Pregnant women are at a higher risk for iron deficiency anemia because of the increased iron requirements of pregnancy. In pregnant women hemoglobin (Hb) or Hematocrit (Hct) levels drop during the first and second trimester because of blood volume expansion. Among pregnant women who do not take iron supplements Hb and Hct remain low during the third trimester. Longitudinal studies have shown that the highest prevalence of anemia during pregnancy is in the third trimester; therefore, the Healthy People 2010 objective monitors the prevalence of anemia during the third trimester of pregnancy. This objective seeks to reduce anemia in the third trimester among low income women from its baseline of 29 percent in 1996 to 20 percent in 2010. Pregnant women who have adequate iron intake have a gradual rise in Hb and Hct during the third trimester toward the prepregnancy levels (MMWR, 1998). Changes in the prevalence of anemia over time can be used to evaluate the effectiveness of programs designed to decrease the prevalence of iron deficiency.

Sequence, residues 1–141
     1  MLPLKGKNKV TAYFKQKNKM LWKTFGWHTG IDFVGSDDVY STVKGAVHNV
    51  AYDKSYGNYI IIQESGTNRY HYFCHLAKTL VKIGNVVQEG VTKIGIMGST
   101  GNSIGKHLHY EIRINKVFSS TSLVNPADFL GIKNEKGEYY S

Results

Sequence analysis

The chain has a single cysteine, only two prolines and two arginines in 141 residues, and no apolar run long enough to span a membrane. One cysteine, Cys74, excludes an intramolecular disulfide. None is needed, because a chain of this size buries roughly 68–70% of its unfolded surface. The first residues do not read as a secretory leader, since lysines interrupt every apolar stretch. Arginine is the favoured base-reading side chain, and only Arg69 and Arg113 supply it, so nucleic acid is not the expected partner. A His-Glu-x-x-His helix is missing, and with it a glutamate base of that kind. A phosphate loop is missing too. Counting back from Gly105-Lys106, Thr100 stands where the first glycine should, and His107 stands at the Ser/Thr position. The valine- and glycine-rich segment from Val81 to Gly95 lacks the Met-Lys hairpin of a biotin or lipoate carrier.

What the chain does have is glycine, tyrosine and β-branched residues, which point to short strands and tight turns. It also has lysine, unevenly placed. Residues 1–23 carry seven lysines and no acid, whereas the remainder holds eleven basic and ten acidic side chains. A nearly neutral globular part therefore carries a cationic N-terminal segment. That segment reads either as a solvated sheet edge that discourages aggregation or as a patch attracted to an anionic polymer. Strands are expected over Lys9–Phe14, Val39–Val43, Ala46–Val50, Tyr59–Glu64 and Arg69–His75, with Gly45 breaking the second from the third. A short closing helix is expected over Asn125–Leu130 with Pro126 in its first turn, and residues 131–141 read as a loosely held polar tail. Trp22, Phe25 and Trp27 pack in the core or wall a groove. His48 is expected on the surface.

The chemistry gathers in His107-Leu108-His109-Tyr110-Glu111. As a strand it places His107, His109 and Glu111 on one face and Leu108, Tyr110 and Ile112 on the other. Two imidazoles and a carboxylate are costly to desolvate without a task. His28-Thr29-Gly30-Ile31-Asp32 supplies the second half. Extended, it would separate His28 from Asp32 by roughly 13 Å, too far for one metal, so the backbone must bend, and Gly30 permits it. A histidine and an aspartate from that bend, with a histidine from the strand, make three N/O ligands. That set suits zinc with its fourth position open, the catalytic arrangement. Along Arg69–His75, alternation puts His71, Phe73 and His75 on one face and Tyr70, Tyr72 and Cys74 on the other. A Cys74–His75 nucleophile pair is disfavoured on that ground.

The analysis of postpartum anemia includes only records with valid Hb and Hct measurements taken at greater than 4 weeks or 28 days postpartum when Hb and Hct measurements are expected to return to prepregnancy or first trimester levels. After delivery, maternal hemoglobin is expected to increase as the expanded red cell mass of pregnancy contracts and iron returns to body stores.

Review the definition of Anemia and its prevalence calculation.

Parity refers to the number of times a woman has been pregnant for 20 or more weeks regardless of whether the infant is dead or alive at birth (The current pregnancy is not included.). Parity, or the number of previous pregnancies, has been shown to impact the long-term health status of women and pregnancy outcomes, specifically birthweight, for some groups. A number of studies show that first-born children have a lower mean birthweight and are at greater risk of low birthweight than subsequent children (Kramer, 1987; Cogswell and Yip, 1995; Macleod and Kiely, 1988; IOM, 1985,). Multiparity at a young age (under 20 years) increases the risk of delivering a low birthweight baby (IOM 1996; Kramer 1987) and increased parity is associated with excessive maternal postpartum weight retention (Parker and Abrams, 1993) and with iron deficiency (Looker et. al. 1997).